Wanted to add that if you generally prefer small Italian towns over cities, but would like to see something beyond the Tuscan-Renaissance style, you can take the fast train to Bologna & switch to a 20 minute local train ride to either Modena or Ferrara. But have quite unique city centers, food that is totally unlike anything you can eat in Tuscany. Modena has a beautiful covered market. Ferrara has a significant Jewish history. Both towns are a big hit with people who like to bicycle.
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May 8th, 2017, 10:19 AM
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I think Bologna is worth a visit, for the reasons mentioned above. It provides a nice contrast to Florence. The sculpture by Niccolo dell'Arca in Santa Maria della Vita is unlike anything I can recall in Florence: terra cotta figures lamenting (very expressively) the dead Christ.

https://en.wikipedia.org/wiki/Niccol%C3%B2_dell%27Arca

The Sanctuary of Santa Stefano is also worth a visit: 7 separate churches from different periods.

Add a nice lunch for a taste of Emilia-Romagna food, stroll the arcades and check out the shops and markets. A full day.
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May 8th, 2017, 10:51 AM
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Bologna is worth not just a day trip, but a few nights at least. It is a superb, authentic and interesting Italian city, one of my favorites in all of Italy.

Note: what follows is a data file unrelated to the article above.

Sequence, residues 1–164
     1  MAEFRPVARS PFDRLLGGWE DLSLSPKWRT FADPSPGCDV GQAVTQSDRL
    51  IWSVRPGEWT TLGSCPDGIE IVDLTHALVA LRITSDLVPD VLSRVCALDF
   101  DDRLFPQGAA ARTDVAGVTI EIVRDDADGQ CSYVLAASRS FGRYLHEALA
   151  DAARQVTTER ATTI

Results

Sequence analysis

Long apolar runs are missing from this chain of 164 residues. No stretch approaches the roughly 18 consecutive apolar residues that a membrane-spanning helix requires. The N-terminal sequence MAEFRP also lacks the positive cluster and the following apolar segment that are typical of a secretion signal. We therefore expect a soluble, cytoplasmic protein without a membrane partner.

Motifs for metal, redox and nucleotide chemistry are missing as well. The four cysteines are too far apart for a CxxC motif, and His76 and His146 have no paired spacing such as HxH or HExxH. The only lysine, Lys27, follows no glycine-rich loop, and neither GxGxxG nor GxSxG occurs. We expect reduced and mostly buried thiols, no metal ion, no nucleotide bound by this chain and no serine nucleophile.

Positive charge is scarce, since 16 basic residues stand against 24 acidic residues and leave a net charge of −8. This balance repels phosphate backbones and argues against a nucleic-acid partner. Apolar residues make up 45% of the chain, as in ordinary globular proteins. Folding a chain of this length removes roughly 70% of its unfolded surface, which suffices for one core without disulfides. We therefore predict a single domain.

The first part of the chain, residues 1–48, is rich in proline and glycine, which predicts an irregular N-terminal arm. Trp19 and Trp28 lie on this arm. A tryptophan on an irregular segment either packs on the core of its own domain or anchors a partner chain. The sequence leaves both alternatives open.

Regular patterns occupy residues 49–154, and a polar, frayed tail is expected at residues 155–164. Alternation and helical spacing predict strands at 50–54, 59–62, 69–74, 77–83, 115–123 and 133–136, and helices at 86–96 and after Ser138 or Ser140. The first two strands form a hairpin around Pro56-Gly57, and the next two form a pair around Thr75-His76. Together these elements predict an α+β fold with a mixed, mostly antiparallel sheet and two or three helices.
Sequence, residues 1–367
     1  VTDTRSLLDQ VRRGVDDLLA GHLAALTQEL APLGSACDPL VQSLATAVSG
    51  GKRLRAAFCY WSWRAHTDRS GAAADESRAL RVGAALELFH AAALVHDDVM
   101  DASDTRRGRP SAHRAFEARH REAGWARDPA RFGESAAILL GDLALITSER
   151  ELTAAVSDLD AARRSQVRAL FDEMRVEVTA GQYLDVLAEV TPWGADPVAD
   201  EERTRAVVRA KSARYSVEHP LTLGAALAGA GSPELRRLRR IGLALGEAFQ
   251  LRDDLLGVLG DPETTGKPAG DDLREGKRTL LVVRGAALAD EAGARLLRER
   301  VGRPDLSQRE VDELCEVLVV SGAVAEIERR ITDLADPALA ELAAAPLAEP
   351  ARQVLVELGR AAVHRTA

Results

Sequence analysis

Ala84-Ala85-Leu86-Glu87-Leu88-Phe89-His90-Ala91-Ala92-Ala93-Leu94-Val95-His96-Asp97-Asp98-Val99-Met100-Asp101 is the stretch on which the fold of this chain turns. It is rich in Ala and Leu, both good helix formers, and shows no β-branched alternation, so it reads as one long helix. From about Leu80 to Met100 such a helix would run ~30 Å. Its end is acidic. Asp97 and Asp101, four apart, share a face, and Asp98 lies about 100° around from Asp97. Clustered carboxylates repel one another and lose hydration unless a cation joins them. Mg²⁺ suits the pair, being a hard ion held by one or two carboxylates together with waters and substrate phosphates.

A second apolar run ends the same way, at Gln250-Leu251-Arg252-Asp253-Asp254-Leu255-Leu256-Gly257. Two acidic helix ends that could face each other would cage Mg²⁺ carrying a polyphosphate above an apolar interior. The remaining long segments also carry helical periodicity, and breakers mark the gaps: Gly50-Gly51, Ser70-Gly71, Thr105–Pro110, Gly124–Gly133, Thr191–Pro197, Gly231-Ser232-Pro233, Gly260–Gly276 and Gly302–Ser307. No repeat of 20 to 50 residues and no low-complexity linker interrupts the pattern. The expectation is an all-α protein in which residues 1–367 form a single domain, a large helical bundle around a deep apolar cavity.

But if you do only have a day, then leave early and stay as late as you can.
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May 8th, 2017, 10:53 AM
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I think it may not come up because there is enough there that many people give it a couple of days rather than a day trip. But my first time there was as a day trip and I thoroughly enjoyed it. I have since been back for a longer stay but I think it makes sense to try it out as a day trip. Most people talk about how it's the 'best' cuisine, etc. but even if you are not a 'foodie' there is a lot to see. Great architecture, nice ambiance, etc.

Here's my photos of Bologna (and also Ferrara and Modena which are also great) http://andiamo.zenfolio.com/f600116703
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May 8th, 2017, 11:35 AM
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It is probably not regarded as a day trip from Florence because it is outside Tuscany.
You won't regret it. I find it one of the better large Italian cities. Lively, good food, and not the huge crowds as in Venice or Florence. It is a good base for a wide range of easy day trips, as mentioned aboven. On the fast train it's only a 30 mins ride from Florence. Buy those tickets well in advance on trenitalia.com, where you can get them for as little as EUR 14,90 (one way).